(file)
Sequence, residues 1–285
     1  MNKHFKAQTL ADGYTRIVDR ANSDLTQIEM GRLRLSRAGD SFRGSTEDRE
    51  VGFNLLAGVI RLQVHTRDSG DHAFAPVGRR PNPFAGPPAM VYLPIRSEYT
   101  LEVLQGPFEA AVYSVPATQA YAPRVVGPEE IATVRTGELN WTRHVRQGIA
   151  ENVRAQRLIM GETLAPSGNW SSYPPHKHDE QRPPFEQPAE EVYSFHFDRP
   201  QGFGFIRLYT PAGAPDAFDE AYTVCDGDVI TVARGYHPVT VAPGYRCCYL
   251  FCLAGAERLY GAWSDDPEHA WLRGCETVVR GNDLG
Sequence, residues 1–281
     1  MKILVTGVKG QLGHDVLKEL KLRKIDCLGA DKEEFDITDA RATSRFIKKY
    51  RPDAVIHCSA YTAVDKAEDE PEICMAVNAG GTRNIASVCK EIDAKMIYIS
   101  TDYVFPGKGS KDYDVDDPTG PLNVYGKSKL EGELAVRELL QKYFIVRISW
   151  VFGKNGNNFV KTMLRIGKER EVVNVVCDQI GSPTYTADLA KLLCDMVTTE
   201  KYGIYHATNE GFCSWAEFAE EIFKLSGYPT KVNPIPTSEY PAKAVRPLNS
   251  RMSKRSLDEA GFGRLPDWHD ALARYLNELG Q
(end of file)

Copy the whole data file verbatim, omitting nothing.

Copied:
Sequence, residues 1–285
     1  MNKHFKAQTL ADGYTRIVDR ANSDLTQIEM GRLRLSRAGD SFRGSTEDRE
    51  VGFNLLAGVI RLQVHTRDSG DHAFAPVGRR PNPFAGPPAM VYLPIRSEYT
   101  LEVLQGPFEA AVYSVPATQA YAPRVVGPEE IATVRTGELN WTRHVRQGIA
   151  ENVRAQRLIM GETLAPSGNW SSYPPHKHDE QRPPFEQPAE EVYSFHFDRP
   201  QGFGFIRLYT PAGAPDAFDE AYTVCDGDVI TVARGYHPVT VAPGYRCCYL
   251  FCLAGAERLY GAWSDDPEHA WLRGCETVVR GNDLG
Sequence, residues 1–281
     1  MKILVTGVKG QLGHDVLKEL KLRKIDCLGA DKEEFDITDA RATSRFIKKY
    51  RPDAVIHCSA YTAVDKAEDE PEICMAVNAG GTRNIASVCK EIDAKMIYIS
   101  TDYVFPGKGS KDYDVDDPTG PLNVYGKSKL EGELAVRELL QKYFIVRISW
   151  VFGKNGNNFV KTMLRIGKER EVVNVVCDQI GSPTYTADLA KLLCDMVTTE
   201  KYGIYHATNE GFCSWAEFAE EIFKLSGYPT KVNPIPTSEY PAKAVRPLNS
   251  RMSKRSLDEA GFGRLPDWHD ALARYLNELG Q